Television Development

If a project goes into “development” with CBC, what does that mean?

CBC funds the development of materials that will be used to evaluate if the show is right for CBC, like scripts, series bible, and sometimes in the case of unscripted shows, a demo or concept document.

Who would I be dealing with?

If your show is put into development, a production executive will be assigned to your project, and will be your main point of contact. They will be responsible for deciding what materials make the most sense to develop, approving your creative team (including writers and weighing in on their appropriate pay “scale”, etc.) and reviewing materials as they come in to provide feedback and approvals on CBC’s behalf.

Each production executive usually handles about 10-20 projects at a time (both in development and production) and sometimes they are offsite supporting shows in production.  In some cases, they may need a few weeks to get to your script, and may also need to consult with the programming team before giving feedback. In general, you should expect to get any notes or approvals within 3 weeks.

How much can I get?

Development budgets are negotiated by CBC’s Business & Rights team in consultation with your production executive, based on the materials being developed. For scripted projects, CBC relates to industry standards including the rates negotiated by the Canadian Media Producers’ Association with the Writers’ Guild of Canada (known as the “IPA”) and the Telefilm budget standard.

In many cases, development costs are shared by CBC and Canada Media Fund (CMF), with CBC assigning funds from CBC’s CMF envelope (a pot of money that is administered by CMF on projects identified by CBC). In some cases, there may be another partner at the table such as a foreign broadcaster or provincial funding agency. Funds are generally treated as an “advance” against any future license fees.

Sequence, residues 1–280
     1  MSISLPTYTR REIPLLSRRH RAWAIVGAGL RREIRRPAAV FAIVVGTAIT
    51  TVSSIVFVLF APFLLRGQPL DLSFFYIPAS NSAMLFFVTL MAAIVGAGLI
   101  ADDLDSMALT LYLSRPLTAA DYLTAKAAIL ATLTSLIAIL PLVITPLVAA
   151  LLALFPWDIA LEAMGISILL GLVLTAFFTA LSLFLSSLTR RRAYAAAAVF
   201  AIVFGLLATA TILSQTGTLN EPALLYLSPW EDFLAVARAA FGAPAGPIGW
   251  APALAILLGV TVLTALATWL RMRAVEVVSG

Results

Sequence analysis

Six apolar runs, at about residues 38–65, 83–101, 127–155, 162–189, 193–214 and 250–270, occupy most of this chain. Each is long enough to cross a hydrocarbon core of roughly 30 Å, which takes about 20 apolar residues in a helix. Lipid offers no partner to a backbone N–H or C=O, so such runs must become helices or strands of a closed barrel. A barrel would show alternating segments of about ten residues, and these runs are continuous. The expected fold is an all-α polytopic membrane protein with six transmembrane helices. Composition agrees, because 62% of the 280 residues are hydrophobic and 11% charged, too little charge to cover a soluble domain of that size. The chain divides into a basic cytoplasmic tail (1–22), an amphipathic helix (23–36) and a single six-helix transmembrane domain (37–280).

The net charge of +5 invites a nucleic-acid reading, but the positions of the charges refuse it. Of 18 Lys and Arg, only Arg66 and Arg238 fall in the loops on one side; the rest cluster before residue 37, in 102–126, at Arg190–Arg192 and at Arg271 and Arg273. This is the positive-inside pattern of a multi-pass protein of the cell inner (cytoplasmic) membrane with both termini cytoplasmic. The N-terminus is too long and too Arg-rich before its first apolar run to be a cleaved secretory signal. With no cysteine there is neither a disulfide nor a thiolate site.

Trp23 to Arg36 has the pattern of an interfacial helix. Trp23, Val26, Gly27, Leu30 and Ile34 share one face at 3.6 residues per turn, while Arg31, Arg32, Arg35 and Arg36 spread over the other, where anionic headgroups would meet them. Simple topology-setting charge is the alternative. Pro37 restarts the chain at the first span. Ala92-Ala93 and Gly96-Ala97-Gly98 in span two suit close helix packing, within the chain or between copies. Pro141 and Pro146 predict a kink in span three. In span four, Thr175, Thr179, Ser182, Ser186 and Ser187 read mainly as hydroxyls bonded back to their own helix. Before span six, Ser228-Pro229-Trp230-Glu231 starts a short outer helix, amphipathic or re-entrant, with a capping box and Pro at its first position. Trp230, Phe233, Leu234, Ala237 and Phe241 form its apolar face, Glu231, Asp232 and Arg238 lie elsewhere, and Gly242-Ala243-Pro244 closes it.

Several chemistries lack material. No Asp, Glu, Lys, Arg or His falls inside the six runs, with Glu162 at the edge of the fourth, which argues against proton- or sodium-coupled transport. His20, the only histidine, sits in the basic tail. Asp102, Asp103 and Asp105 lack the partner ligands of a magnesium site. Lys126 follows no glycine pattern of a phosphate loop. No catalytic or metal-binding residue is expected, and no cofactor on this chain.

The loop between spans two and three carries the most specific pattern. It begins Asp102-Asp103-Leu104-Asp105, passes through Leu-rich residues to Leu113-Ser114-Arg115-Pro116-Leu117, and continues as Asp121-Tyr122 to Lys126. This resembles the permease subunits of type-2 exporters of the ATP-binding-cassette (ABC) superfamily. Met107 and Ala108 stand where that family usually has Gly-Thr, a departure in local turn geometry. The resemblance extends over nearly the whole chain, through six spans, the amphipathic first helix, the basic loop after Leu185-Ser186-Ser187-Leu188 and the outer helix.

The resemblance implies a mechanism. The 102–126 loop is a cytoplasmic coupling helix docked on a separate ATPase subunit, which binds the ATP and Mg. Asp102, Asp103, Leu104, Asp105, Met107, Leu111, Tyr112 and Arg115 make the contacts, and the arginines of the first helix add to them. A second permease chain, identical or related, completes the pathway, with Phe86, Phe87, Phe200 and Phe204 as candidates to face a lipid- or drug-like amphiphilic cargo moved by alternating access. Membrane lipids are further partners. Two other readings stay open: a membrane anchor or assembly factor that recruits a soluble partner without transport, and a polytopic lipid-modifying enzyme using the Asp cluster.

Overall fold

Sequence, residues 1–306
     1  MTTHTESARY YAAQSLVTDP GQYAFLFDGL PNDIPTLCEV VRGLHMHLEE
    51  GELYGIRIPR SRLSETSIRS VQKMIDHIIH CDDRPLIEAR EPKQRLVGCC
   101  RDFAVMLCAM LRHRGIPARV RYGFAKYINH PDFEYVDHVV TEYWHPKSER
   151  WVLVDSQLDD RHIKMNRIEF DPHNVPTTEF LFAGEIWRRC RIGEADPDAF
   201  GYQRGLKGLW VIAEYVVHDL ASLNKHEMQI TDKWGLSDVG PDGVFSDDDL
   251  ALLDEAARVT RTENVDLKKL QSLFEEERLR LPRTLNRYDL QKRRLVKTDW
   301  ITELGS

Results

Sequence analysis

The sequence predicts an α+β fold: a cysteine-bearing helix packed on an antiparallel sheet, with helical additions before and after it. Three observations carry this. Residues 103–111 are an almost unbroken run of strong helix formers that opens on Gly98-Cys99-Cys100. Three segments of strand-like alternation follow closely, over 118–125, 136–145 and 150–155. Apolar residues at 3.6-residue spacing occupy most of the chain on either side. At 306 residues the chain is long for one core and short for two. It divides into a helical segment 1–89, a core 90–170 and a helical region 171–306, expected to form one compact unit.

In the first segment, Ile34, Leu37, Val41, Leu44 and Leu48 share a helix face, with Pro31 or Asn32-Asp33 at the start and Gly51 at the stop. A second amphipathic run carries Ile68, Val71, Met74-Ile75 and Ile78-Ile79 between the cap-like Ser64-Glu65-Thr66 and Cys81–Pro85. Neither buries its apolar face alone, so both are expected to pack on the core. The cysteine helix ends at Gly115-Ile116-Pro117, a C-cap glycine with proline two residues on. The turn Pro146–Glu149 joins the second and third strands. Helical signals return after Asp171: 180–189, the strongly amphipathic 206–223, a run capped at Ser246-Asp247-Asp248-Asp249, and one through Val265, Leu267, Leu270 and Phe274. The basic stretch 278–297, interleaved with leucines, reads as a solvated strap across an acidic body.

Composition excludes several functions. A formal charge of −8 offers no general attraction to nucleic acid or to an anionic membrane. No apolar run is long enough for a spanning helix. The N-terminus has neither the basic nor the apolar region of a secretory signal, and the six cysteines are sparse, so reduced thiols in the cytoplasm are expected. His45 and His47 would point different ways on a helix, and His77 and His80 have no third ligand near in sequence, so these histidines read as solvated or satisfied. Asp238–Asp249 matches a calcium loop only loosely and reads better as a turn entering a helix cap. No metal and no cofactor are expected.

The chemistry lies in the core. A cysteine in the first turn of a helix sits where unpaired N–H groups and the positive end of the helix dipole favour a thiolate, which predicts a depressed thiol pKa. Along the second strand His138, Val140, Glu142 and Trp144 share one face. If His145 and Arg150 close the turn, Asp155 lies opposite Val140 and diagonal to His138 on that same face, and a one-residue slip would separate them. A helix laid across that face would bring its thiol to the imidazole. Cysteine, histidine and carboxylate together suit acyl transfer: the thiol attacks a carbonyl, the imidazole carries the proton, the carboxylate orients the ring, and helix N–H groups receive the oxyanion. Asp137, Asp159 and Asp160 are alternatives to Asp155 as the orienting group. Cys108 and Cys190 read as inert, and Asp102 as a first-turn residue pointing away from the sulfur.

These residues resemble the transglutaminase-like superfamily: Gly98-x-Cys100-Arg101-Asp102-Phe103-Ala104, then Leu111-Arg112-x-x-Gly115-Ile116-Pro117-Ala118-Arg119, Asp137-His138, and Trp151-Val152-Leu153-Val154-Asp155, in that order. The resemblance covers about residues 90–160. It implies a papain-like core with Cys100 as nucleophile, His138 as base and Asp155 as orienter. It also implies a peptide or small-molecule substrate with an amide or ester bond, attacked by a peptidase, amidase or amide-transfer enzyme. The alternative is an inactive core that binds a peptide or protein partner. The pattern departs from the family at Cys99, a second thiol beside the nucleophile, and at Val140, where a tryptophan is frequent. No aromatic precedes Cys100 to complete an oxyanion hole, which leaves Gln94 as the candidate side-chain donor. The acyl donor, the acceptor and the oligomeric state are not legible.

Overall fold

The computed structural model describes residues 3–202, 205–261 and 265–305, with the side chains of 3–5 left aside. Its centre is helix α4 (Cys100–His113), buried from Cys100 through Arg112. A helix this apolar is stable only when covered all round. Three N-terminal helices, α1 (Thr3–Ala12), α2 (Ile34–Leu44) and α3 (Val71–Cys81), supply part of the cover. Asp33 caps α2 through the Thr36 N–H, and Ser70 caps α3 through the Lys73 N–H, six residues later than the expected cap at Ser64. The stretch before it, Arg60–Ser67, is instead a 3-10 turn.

What does CBC expect in exchange?

In exchange for CBC’s contribution, CBC gets to give you feedback on your submitted materials to make sure that they fit with CBC’s programming strategy, as well as an exclusive option (usually for a year) to make an offer to license the  program based on the materials. The specifics of the option may sometimes be modified if another party is co-financing development (besides CBC and CMF). CBC also expects to receive a “developed in association with CBC” credit in the show and credit for any funds that we have paid out, if and when it gets made - even if CBC does not license it.

Why does CBC need a year to decide if they want my show?

CBC has a fixed annual programming budget, as well as a limited amount of CMF funds available to greenlight new programs. With this in mind, and a fiscal year that starts in April, CBC’s programming team usually reviews and compares the creative materials for network shows under consideration in January-March. If a project comes in earlier than this, a decision would likely be deferred; similarly, if a project isn’t ready for consideration in this timeline, it may have to be held over into the next fiscal. If it’s clear to your production executive that the show is not the right fit for CBC, they will tell you sooner so that you can see if you can find another home for the program.

What happens if CBC passes on my show?

If CBC elects not to make an offer to license your show, you will get a release from CBC that will allow you to offer the project to another licensor. If the project gets made without CBC’s participation, CBC usually expects to have our development costs refunded on the first day of principal photography, as well as a “developed in association with CBC” credit to let people know that we helped get the show off the ground.

Sample Development Agreement:

Click here for an example of our Sample Development Agreement.